The college Mission Statement includes the following ideas:

  • Valuing consultative, cooperative processes

  • Enthusiastic, hopeful and empowering

  • Committed to justice

  • Open to the poor



With these ideas in mind, we want to offer students:

  • Opportunities to act responsibly and have autonomy over their choices and decisions.

  • Circumstances that allow provisions for students with financial difficulties to access services

  • Spaces that are safe, with capacity for equitable use, in that no groups are perceived to ‘own’ a space

  • Adequate supervision and visibility through open design to maintain a safe school environment and limit chances of bullying and segregation, ” addressing ‘blind spots’ where bullying could take place ” (Queensland Government 2010, Page 30)

  •  A welcoming, safe, inclusive  space that is suited to relaxed, social interaction during break times.
  • Flexible usage, for example, that senior students may use the space to study on free lines, working collaboratively or privately

  • An opportunity to engage in the design process to assess the existing structure and suggest ideas


  • Columns that divide the space are structural

  • Large student numbers mean that at peak times the space is very crowded.

  • Creation of a safe and comfortable space requires consideration about furnishings, layout and clear requirements for the use of space.

  • A school cafeteria can be a financial divider between students as not all can afford to use the service

  • Students regularly leave mess in the space


  • Capacity in building regulations and budget for further renovations

  • Safety regulations in regards to providing microwave access for student use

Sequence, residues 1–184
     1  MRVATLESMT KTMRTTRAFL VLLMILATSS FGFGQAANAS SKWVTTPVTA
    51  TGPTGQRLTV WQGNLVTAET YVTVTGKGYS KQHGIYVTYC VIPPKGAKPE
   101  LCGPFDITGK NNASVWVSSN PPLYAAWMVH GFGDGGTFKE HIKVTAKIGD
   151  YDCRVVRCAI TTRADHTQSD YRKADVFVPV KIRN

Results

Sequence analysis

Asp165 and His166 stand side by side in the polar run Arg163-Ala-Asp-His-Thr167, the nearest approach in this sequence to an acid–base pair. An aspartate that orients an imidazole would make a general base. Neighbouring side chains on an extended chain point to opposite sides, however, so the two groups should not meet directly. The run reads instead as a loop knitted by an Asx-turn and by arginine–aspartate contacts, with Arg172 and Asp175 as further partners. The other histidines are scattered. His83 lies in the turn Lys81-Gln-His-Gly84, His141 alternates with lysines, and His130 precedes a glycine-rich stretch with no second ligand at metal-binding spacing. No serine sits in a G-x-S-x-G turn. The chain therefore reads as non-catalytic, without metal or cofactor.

• What options there are in regards to mobile food trolleys

  • If it is possible to inexpensively change the access on the bain-maries

  • How the cafeteria staff would feel about watching for potential shop lifters and managing this should it occur

 Ideas for Redesign

  • In order to provide opportunities for autonomy, the relatively open space of the servery area could facilitate a walk through self-serve area, where users are able to self-select and pay for their purchases at a register at the end of the service area

  •  Rearrangement of furniture closest to the servery line up area to maximise space
  • To provide opportunities for inclusivity and allow the opportunity for all users to access hot food, a bench and divider could be incorporated with provision of microwaves for heating food

  • To provide an opportunity for responsible care of the space, cleaning equipment could be stationed on hooks on 2 of the support pillars in the room, with cleaning wipe dispensers located on a number of pillars throughout the room.


Existing layout



Draft layout one

Draft layout two - revised following group feedback

Draft layout two – revised following group feedback

Comments on peer blogs:

Patricia’s blog:

Monique’s blog:

Liz’ blog:


Engine Service Design & Walker Technology College. Dear Architect: The Vision Of Our Future School: Walker Technology College